Report: Fewer Californians get health care at work
SACRAMENTO, Calif. (AP) – Far fewer Californians are getting health insurance through their employers compared to a decade ago, a change that comes as the nation is about to undergo major reforms in the health care system, according to a report released Wednesday.
The report by the Robert Wood Johnson Foundation, which funds health research and programs, found that the number of Californians receiving employer-sponsored insurance dropped by 1.3 million, or 8.4 percent, over the past decade.
There were 18.9 million people, or 62 percent of the non-elderly population, with employer-sponsored health insurance in 2000. In 2011, that had dropped to 17.6 million, or 53 percent of California’s non-elderly population, according to data prepared by the State Health Access Data Assistance Center, an independent health policy research center at the University of Minnesota.
Researchers say many factors contributed to the decline, including decreases in overall employment and rising insurance premium costs. Seniors were excluded because they have insurance through Medicare.
The drop in California mirrors a national decline. The data showed just 60 percent of Americans received coverage through a job in 2011. That’s 11.5 million fewer people than in 2000.
Meanwhile, the cost of health insurance is rising. The average annual employer-sponsored insurance premium for family coverage in California has more than doubled from $6,033 in 2000 to $14,828 in 2011. The average annual health insurance premium for single coverage has jumped from $2,259 to $5,033.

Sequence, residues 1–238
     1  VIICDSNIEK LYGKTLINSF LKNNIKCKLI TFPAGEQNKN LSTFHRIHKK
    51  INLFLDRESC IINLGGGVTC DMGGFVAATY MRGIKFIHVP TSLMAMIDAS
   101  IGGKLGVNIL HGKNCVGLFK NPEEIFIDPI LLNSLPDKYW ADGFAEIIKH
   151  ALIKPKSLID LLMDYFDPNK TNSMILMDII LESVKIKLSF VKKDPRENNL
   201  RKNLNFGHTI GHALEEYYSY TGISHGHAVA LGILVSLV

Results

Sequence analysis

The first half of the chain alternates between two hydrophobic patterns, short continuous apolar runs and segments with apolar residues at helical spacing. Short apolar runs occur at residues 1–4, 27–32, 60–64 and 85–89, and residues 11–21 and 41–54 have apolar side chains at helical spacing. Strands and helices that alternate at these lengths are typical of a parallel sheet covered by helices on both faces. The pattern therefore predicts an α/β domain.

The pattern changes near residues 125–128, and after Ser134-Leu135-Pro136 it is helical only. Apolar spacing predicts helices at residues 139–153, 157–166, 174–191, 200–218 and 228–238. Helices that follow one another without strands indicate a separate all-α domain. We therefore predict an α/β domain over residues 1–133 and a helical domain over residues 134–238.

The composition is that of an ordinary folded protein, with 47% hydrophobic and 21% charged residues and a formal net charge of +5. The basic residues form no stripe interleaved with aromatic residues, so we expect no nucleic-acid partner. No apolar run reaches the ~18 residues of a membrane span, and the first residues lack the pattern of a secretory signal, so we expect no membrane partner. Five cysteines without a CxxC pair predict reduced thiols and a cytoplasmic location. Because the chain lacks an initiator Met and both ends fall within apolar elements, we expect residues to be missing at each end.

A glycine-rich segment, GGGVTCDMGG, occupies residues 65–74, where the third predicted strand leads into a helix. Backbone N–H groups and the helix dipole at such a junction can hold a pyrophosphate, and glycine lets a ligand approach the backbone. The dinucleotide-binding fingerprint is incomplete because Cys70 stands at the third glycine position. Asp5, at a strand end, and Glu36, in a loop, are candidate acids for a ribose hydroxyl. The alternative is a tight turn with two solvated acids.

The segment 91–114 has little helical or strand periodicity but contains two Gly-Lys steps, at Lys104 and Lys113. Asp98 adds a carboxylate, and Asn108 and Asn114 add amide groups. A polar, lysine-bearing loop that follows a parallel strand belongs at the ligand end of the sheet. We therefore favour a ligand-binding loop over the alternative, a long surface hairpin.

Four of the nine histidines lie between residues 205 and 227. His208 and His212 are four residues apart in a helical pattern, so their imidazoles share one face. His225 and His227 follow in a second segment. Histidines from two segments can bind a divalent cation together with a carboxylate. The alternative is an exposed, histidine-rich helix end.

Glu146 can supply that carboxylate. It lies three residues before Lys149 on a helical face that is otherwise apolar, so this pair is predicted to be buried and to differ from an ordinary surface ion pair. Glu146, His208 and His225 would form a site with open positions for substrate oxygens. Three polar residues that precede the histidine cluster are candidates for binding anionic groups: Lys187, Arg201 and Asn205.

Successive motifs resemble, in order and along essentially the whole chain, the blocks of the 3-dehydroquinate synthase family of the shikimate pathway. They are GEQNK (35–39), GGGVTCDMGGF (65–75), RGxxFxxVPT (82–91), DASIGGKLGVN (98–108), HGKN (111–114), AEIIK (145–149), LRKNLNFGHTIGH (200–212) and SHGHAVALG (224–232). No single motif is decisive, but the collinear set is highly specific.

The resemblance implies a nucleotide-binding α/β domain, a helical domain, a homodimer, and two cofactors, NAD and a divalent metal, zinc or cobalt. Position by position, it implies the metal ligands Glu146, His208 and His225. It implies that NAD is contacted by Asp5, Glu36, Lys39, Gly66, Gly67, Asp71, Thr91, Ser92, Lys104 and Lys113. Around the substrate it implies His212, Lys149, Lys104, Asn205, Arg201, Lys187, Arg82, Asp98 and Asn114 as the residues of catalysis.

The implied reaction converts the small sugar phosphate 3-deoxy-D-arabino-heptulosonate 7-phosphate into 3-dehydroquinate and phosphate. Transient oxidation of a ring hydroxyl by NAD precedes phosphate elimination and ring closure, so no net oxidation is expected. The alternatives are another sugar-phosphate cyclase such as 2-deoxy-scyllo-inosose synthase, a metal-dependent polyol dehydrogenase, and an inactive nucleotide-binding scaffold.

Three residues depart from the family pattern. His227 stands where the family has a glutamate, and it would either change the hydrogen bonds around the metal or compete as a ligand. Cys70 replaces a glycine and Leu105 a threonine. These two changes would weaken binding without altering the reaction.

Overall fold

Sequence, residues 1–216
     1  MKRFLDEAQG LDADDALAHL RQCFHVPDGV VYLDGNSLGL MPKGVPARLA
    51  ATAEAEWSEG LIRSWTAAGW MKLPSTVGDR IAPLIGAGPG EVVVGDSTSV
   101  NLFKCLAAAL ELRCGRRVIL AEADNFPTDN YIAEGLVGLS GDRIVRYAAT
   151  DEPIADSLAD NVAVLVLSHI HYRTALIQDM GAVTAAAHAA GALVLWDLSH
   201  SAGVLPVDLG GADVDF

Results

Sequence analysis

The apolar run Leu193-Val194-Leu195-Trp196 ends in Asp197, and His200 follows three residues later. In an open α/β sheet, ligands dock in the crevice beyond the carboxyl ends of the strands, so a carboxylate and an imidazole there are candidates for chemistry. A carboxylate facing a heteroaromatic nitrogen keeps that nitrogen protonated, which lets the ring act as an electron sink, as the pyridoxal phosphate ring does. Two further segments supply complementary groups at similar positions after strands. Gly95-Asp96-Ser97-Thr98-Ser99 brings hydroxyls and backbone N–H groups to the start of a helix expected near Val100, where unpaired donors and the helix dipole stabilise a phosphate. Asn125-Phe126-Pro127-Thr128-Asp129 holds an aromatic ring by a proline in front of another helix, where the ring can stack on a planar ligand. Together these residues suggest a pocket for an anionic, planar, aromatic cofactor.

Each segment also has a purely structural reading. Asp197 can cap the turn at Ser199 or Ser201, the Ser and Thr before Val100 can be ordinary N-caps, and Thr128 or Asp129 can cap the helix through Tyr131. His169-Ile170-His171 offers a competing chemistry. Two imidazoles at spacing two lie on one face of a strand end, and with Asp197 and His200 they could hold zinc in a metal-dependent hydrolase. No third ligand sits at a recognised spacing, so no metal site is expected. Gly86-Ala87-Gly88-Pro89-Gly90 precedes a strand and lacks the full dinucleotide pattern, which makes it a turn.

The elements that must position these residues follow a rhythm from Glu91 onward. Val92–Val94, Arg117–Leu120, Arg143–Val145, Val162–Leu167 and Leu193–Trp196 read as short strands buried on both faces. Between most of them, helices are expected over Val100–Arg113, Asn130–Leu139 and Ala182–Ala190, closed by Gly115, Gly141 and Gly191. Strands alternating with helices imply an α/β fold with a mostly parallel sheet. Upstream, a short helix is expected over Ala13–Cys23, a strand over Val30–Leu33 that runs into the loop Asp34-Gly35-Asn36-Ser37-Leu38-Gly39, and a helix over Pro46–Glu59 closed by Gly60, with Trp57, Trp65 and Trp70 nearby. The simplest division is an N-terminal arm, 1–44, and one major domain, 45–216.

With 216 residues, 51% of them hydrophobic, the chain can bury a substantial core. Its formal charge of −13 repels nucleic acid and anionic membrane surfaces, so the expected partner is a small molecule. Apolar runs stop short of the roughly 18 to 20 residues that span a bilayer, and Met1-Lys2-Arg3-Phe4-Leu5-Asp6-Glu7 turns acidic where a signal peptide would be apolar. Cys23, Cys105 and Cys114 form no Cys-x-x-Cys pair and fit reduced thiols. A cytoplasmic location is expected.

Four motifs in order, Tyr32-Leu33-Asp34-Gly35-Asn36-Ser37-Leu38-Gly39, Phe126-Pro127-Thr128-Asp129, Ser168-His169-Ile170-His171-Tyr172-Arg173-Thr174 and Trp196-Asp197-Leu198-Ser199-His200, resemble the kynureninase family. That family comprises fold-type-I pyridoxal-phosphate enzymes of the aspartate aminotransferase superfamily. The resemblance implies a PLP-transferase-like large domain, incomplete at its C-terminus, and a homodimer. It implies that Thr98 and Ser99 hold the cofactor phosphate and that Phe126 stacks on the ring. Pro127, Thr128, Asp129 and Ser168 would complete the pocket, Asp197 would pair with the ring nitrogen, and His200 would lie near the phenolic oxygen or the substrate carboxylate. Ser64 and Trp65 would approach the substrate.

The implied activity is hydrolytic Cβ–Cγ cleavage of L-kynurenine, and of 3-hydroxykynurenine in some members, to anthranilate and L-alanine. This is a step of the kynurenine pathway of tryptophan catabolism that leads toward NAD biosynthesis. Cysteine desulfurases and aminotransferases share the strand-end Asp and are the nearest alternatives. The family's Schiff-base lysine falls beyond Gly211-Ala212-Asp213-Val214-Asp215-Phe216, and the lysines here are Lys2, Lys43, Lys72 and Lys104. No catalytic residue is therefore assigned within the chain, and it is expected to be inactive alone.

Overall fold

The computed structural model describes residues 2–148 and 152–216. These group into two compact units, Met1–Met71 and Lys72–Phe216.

The foundation noted that costs for employers and employees have increased dramatically.
“Higher costs naturally translate into fewer employers offering insurance coverage, and fewer employees accepting it, even when it is offered,” said Dr. Risa Lavizzo-Mourey, president and chief executive of the Robert Wood Johnson Foundation, in a statement. “That is why it is so important that people have options for purchasing affordable health insurance that meets their needs.”
Under the Affordable Care Act, uninsured middle-class Americans will be able to sign up for subsidized private health plans through new insurance markets in their states beginning Oct.1, with coverage starting in 2014. Low-income uninsured people will be steered to safety net programs such as Medicaid.
The report notes that even with the federal health care changes, employer-sponsored insurance will continue to be a major source of coverage.
In part because of the large role of agriculture and tourism in its labor force, California has a lower rate of employer-sponsored coverage and one of the nation’s highest rates of uninsured residents, said Anthony Wright, executive director of Health Access California, a group that lobbies for health care for the poor.
“The fact that we had less of a decline may simply be because we’re starting from a lower place already,” he said.
Wright said new insurance rules and market changes are intended to stop the decline in employer-sponsored coverage. For example, small businesses will receive tax credits as an incentive to provide health coverage, people with pre-existing conditions will not be denied access to care and some middle-class Americans will get help paying for health insurance.
“The hope is that the Affordable Care Act stabilizes employer-based coverage and provides an option and an alternative for those who don’t get coverage on the job,” he said.